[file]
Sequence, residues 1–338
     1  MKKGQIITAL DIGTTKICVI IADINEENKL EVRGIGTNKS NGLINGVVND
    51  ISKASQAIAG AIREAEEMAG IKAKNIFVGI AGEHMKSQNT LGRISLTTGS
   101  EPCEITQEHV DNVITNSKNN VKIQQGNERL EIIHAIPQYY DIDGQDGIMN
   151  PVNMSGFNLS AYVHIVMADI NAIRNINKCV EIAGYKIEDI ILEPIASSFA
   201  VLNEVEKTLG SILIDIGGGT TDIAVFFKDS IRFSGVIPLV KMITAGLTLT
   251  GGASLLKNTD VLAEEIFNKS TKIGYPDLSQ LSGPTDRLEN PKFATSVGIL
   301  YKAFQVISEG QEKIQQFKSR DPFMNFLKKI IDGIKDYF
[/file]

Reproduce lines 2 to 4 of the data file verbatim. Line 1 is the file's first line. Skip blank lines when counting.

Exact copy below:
     1  MKKGQIITAL DIGTTKICVI IADINEENKL EVRGIGTNKS NGLINGVVND
    51  ISKASQAIAG AIREAEEMAG IKAKNIFVGI AGEHMKSQNT LGRISLTTGS
   101  EPCEITQEHV DNVITNSKNN VKIQQGNERL EIIHAIPQYY DIDGQDGIMN